International organisations have accused Egyptian President Abdel Fattah al-Sisi of running an ultra-authoritarian and repressive regime since he deposed his democratically elected Islamist predecessor Mohamed Morsi in 2013.
Amnesty said this flouted an EU-wide suspension of arms transfers to Egypt imposed after hundreds of protesters were killed in what it called a "show of grossly excessive force" in August 2013.
The London-based human rights watchdog said it feared the suspension could be scrapped, even though it was insufficient.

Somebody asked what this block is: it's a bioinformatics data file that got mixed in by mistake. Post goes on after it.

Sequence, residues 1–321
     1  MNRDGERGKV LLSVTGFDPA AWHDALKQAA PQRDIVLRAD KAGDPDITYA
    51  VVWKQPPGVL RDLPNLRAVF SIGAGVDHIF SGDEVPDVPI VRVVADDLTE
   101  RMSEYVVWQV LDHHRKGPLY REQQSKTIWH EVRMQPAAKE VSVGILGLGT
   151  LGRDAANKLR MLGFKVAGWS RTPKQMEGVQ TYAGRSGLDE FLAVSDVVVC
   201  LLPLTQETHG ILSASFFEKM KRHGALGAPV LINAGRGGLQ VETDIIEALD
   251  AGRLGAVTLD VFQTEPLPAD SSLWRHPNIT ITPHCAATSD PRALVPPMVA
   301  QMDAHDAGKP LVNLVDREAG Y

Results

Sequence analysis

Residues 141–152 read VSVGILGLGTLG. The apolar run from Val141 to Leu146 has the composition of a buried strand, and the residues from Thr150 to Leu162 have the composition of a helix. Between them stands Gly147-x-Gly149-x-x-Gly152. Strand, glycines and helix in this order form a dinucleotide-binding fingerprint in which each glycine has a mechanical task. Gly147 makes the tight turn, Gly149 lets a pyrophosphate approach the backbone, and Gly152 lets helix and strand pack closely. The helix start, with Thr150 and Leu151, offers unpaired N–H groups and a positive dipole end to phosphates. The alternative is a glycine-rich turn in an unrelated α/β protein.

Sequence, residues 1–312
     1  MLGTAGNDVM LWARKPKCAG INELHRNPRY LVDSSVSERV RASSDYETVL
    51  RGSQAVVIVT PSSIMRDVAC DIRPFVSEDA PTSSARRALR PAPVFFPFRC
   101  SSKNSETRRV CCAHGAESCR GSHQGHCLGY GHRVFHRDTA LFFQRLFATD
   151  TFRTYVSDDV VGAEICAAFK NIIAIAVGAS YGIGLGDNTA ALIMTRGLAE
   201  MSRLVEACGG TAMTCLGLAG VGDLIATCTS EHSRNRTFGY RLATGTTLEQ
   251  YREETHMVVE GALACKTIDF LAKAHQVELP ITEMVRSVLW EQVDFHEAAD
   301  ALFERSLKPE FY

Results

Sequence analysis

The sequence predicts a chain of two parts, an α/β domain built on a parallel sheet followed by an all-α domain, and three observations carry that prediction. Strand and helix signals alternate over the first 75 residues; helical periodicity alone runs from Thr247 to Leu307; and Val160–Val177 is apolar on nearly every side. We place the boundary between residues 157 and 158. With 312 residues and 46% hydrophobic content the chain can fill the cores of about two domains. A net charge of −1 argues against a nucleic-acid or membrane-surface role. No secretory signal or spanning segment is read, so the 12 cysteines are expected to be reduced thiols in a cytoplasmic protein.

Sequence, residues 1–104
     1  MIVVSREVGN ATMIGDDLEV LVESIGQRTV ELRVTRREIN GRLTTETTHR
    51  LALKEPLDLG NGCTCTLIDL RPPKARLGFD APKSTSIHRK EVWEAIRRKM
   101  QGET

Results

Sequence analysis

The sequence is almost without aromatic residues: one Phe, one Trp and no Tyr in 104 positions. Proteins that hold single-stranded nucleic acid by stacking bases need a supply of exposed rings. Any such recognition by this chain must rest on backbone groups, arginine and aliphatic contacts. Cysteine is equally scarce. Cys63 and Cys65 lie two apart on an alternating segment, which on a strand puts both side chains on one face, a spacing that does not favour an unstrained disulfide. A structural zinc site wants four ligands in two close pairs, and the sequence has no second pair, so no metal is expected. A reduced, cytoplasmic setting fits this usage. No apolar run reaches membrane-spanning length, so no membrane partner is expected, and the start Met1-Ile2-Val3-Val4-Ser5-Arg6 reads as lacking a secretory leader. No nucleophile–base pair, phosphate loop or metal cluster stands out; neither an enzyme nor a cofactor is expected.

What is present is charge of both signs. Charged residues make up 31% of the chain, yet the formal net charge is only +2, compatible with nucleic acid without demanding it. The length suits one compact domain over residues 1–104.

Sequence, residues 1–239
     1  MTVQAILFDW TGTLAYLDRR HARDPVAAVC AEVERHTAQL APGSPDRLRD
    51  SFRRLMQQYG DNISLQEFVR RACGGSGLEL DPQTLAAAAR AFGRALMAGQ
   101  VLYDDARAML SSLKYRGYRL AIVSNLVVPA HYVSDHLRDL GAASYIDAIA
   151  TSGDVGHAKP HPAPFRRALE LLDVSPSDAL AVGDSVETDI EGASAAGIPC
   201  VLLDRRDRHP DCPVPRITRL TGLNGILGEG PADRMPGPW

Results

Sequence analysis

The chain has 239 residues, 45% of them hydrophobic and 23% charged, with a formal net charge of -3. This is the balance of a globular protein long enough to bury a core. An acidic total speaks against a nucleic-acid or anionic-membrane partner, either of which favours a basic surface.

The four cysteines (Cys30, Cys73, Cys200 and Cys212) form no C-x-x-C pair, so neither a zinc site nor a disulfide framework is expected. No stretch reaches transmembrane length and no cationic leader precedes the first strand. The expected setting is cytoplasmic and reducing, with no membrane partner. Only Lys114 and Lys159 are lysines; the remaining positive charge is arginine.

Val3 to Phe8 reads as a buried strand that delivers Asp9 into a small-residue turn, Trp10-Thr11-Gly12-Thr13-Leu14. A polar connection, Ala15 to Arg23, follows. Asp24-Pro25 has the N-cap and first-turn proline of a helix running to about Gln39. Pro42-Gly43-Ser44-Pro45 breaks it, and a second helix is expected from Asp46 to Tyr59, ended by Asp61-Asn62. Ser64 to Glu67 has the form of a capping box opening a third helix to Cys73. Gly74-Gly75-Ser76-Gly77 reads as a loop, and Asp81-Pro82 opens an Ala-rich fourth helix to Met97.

"The EU should immediately impose an embargo on all transfers of the types of arms and equipment being used by Egypt to commit serious human rights violations," said Brian Wood, head of arms control and human rights at Amnesty.
The Egyptian government dismissed the report, with Foreign Minister Sameh Shoukry saying Amnesty had a habit of "making exaggerated accusations". "I'm sure all the equipment provided to Egypt has helped to strengthen its stability in the fight against terrorist threats," he said at a news conference.